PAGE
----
Example 2: Trump has a long history of bilking employees and contractors, refusing to pay them for their hard work. Bonfiglio, meanwhile, conducts free seminars to teach young lawyers across Florida how to protect working people facing unfair foreclosure.

During the 2007 economic crisis, which walloped Florida particularly hard, Bonfiglio also hosted free walk-up clinics with volunteer attorneys so that people facing foreclosure could get advice and legal counsel, free of charge.

“People would come all day long, we’d hook up an attorney with a client, and they’d sit down and talk to them and try to figure out if there’s any way they could save their house,” he says. “When foreclosure peaked in 2007 and 2008, I’d give my whole Fridays too. People would come in every half an hour and it was always illness, job loss, divorce, and if I can’t save this house, I don’t know where I’m going to stay.”

CLICK HERE to donate to Jim Bonfiglio’s campaign via Progressives Everywhere’s ActBlue page!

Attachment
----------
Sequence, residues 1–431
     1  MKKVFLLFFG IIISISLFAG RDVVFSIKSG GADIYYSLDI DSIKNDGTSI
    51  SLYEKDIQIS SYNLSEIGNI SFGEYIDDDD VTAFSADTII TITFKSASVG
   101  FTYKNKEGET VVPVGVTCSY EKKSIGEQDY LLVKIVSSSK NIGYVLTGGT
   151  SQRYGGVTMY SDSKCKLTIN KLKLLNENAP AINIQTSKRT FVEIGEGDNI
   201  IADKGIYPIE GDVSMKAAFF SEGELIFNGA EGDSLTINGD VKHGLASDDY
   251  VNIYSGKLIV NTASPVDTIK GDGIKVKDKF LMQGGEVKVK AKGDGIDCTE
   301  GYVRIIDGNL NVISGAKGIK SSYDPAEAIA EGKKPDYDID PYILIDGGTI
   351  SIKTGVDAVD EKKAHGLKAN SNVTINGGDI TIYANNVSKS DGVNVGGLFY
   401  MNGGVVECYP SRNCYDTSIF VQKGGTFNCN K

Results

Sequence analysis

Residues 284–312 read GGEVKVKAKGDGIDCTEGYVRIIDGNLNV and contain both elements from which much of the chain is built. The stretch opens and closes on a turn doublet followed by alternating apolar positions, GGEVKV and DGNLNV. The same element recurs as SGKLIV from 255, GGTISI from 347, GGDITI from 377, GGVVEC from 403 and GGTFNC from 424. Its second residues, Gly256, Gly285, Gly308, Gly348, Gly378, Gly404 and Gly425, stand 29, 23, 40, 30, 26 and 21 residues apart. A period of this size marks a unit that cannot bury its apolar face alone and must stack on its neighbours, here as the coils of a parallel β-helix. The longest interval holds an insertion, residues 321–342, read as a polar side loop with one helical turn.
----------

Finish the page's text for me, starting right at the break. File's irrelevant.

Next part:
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Florida’s new Jim Crow law is worse than ever

So, last week was a pretty bad one for American democracy. While it began with the excitement of Tiffany Cabán’s win in the Queens District Attorney race, followed by a solid first (and second!) Democratic presidential debate, things went off the rails thanks to the stolen Supreme Court and, more than likely, voter suppression in Florida.

First, the Supreme Court cleared the way for state legislatures to gerrymander legislative and congressional districts to their heart’s content, no matter how partisan or racist their motivations (and they’re always partisan or racist). This was a bummer, but not unexpected, and really just underlines the importance of winning back as many state legislatures and governorships as we can.

It’s going to be hard to do that in some states, not only because of gerrymandering, but also due to voter suppression. Preventing people from casting their ballots is what Republicans do best (other than funnel money to their rich donors), and no small distraction like the will of an overwhelming majority of voters can stop them from pursuing the most anti-democratic policies possible — especially not when the impact would be so efficiently discriminatory against people of color.